And have no fellowship with the unfruitful works of darkness, but rather reprove [them].
Note 19 at Eph 5:11: The Greek word that was translated "fellowship" here is "SUGKOINONEO." This is a rare Greek word for "fellowship" and was only used three times in the New Testament (this verse, Php 4:14, and Re 18:4). This is the only time of the three where it was translated "fellowship." The more common Greek word for "fellowship" ("KOINONIA") was used twenty times in the N.T.
The Greek word used in this verse is denoting the actual partaking of others' ungodly deeds, as can be seen by the way it was translated in Re 18:4. There, the Lord told His people to separate themselves from the ungodly religious system lest they become partakers (SUGKOINONEO) of her sins and receive of her plagues.
The instruction in this verse is not to shun unbelievers, but rather not to participate in their ungodly deeds. In fact, it is important to notice that the "works of darkness" are what we are to avoid, not the people who are doing these acts. Of course, there are many arguments for having godly associations (see note 6 at 1Co 15:33), but it is not following the example of Christ to totally avoid contact with the lost. We are to reject the sin, not the sinner.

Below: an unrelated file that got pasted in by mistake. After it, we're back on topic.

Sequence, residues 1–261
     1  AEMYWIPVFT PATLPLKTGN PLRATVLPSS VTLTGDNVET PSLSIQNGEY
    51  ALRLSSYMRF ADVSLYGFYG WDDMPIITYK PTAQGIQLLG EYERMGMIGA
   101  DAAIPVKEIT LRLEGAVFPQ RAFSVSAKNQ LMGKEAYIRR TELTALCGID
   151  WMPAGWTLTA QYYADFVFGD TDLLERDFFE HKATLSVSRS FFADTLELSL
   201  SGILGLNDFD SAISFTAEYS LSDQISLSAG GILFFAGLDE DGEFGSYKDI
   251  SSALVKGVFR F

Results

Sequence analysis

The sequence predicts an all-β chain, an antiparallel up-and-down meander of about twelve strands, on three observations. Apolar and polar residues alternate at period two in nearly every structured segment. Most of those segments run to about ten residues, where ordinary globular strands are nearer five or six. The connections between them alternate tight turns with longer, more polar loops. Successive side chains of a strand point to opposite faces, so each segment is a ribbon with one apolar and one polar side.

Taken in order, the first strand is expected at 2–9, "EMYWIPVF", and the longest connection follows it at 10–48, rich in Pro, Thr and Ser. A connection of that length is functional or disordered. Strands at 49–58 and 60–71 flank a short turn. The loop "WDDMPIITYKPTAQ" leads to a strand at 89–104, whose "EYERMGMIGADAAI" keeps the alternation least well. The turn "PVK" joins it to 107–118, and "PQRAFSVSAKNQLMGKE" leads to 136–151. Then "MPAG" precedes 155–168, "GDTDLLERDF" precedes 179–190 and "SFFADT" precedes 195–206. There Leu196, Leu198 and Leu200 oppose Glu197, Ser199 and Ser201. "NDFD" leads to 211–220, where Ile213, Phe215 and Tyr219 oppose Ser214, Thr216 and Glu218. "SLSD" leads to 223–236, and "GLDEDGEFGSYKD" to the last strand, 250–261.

Eph 5:11-13 gives us a simple way of judging whether or not our contact with the lost is in a godly fashion. We are supposed to reprove (see note 20 at this verse) their actions. If we can do that and still maintain relationship, then we are probably relating to them in the proper way. If we are not exposing their deeds to the light, we should question whether the relationship is really God's will. Care has to be taken that we are the ones ministering righteousness to them, and not the other way around, where they are ministering ungodliness to us.
Note 20 at Eph 5:11: This English word "reprove" was translated from the Greek word "ELEGCHO." It was translated "rebuke" (1Ti 5:20), "tell [him] his fault" (Mt 18:15, brackets mine), and "convince" (Tit 1:9). These uses, combined with Eph 5:12-13, leave no doubt that this is speaking of shining the light of God's righteousness on the ungodly darkness of the lost. We must take a stand against ungodliness.
Yet there is a right and wrong way of letting our light shine. The Pharisees were hypocritical in their proclamation of what was light. They also missed the issues of the heart and only dealt with the external. They totally omitted love and were self-serving in their rebukes. The truth without love is like a club (see note 29 at Eph 4:15), and tradition ministered in a judgmental attitude is even worse.
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